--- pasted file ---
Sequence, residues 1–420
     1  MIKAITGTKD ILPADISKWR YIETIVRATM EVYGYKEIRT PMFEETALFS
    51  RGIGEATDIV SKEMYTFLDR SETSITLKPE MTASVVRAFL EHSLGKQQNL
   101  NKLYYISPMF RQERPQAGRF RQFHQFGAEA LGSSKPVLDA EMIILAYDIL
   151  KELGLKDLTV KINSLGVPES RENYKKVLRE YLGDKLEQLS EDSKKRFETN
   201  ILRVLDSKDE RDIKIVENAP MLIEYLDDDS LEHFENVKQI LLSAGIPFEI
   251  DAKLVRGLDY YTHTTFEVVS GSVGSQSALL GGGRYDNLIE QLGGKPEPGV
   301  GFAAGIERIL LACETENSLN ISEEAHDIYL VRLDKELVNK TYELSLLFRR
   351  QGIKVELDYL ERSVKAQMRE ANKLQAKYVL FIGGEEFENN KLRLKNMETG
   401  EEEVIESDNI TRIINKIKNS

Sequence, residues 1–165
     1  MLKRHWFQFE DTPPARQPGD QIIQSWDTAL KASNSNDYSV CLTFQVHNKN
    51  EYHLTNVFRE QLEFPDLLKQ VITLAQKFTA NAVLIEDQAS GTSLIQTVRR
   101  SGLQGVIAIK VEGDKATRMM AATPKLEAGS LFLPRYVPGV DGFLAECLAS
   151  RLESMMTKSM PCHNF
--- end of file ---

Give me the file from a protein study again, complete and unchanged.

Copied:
Sequence, residues 1–420
     1  MIKAITGTKD ILPADISKWR YIETIVRATM EVYGYKEIRT PMFEETALFS
    51  RGIGEATDIV SKEMYTFLDR SETSITLKPE MTASVVRAFL EHSLGKQQNL
   101  NKLYYISPMF RQERPQAGRF RQFHQFGAEA LGSSKPVLDA EMIILAYDIL
   151  KELGLKDLTV KINSLGVPES RENYKKVLRE YLGDKLEQLS EDSKKRFETN
   201  ILRVLDSKDE RDIKIVENAP MLIEYLDDDS LEHFENVKQI LLSAGIPFEI
   251  DAKLVRGLDY YTHTTFEVVS GSVGSQSALL GGGRYDNLIE QLGGKPEPGV
   301  GFAAGIERIL LACETENSLN ISEEAHDIYL VRLDKELVNK TYELSLLFRR
   351  QGIKVELDYL ERSVKAQMRE ANKLQAKYVL FIGGEEFENN KLRLKNMETG
   401  EEEVIESDNI TRIINKIKNS

Sequence, residues 1–165
     1  MLKRHWFQFE DTPPARQPGD QIIQSWDTAL KASNSNDYSV CLTFQVHNKN
    51  EYHLTNVFRE QLEFPDLLKQ VITLAQKFTA NAVLIEDQAS GTSLIQTVRR
   101  SGLQGVIAIK VEGDKATRMM AATPKLEAGS LFLPRYVPGV DGFLAECLAS
   151  RLESMMTKSM PCHNF